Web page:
And last but not least - testing. Finally someone took the hard dependency on old 3.x JUnit and flushed it down the toilette! Man that was really what I was looking for. All test cases are now JUnit version independent and use the coolest Groovy feature ever: Mixins!
Finally testing domain classes in isolation is possible and doesn't make you puke at the mockDomain() call every time you see it. Finally the power is back!


I've received some notifications that the plugin architecture has change a bit and that some of my plugins (namely the json-rest-api) don't work properly. It's sad but not unexpected. The general idea is that plugin authors will have to take a good look into regression before they can 'certify' their plugins as 2.0-ready.


The general feeling of Grails 2.0 is really great. Finally playing around with most of the UrlMappings is simple and fast (which it wasn't in 1.x), testing is fun again (even with Spock and the like) and all the rest is just great. So I guess the final message should be "go and use and forget about 1.3.7 that has been around for like ages".

And finally I really need to get this out of my chest: when it comes to regular Java EE development like with JSF (outch), Struts or what have you one should really go kick some corporate butts to get them to start thinking again that web development shall not be a nightmare anymore. We have the technology, you know, to make it right for a change!

Go spread the word!

Sunday, November 6, 2011

Why using a plain-text editor is a good thing

For the past years there's been a boom on the market for web applications. Along with that the possibilities for supporting technologies grew like never before. This has a two-fold implication.
First it is imperative that we recognize the need to write less and do more - that's where the new languages come in. Second it is obvious that new languages tend to emerge a lot faster than companies would like them to and as a result the fat IDE support is missing.

Obviously enough it's going to make for a strong case for plain-text editors (probably with some syntax highlighting like the good old vim or emacs). Those editors don't bother making deep sense of what the code really is. All they care about is that it is text.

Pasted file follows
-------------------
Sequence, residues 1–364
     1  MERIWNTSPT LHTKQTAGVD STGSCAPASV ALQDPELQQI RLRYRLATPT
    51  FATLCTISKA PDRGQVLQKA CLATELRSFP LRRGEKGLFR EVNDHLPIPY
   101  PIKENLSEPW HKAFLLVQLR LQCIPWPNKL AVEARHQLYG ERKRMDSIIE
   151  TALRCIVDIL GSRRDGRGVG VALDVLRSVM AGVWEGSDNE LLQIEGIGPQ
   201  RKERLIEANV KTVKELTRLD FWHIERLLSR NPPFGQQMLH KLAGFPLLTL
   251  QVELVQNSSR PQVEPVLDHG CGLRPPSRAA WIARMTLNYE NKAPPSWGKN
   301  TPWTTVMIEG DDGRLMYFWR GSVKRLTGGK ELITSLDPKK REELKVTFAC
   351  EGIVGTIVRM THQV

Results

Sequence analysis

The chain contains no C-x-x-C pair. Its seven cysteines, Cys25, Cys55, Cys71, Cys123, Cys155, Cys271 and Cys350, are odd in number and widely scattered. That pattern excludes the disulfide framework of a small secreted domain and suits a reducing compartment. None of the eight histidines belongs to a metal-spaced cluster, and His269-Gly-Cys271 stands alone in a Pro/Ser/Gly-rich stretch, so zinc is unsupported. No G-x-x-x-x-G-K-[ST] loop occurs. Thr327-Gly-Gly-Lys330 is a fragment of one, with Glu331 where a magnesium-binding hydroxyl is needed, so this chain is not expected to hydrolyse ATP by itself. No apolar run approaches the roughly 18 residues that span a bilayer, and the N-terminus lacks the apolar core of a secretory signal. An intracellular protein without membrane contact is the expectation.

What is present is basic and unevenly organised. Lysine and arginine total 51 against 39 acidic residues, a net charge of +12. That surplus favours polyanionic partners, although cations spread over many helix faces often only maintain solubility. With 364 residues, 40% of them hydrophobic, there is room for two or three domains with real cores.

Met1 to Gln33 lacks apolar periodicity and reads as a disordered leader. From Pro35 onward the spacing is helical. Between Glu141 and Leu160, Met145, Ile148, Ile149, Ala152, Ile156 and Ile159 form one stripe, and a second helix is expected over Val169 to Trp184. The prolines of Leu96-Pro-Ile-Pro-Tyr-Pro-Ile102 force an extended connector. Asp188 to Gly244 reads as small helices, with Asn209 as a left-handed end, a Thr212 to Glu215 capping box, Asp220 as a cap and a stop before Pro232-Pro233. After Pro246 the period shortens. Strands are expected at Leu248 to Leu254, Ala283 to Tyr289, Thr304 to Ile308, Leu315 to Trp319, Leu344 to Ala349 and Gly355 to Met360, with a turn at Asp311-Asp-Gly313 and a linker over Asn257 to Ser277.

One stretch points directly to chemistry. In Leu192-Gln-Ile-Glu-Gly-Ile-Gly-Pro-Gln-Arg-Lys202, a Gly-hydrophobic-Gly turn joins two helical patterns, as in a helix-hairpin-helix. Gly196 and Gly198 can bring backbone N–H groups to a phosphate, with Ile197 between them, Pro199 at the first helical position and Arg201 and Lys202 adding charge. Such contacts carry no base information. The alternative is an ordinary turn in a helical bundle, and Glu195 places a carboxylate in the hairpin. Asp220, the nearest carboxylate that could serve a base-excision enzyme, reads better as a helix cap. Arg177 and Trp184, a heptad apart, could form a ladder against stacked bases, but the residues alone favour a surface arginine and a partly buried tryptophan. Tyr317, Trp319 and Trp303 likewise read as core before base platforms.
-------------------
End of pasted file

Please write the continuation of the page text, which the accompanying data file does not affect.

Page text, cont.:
"But I need refactoring support to be productive" you might say. Well, refactoring in new languages tends to be a lot less tedious than in (for example) Java where changing a file name leads to all sorts of changes that need to happen just to do this simple thing. New languages like F# for example (which is not all that new if you take into account its roots) have some refactorings kind of built in into the language and most plain-text editors support it out of the box. I'm talking here about method extraction and the way the Tab key works in most modern editors on more than one line of text.

In addition to that many new languages give you the power of succinctness never seen previously in specific areas. Take CoffeeScript or LessCSS for example. With those two new languages you can put together code in such a manner that when compared to the original language you'd write it in (JavaScript and CSS) can cause your head to explode.

At the end of the day it is up to you if you want to write more with (for the most part) good IDE support or if you're ready to give up some of that luxury in favor of more readable and less error prone code. But remember: the less code you have the less bugs you're going to have and that alone should make you want try out the latest inventions.

Have fun!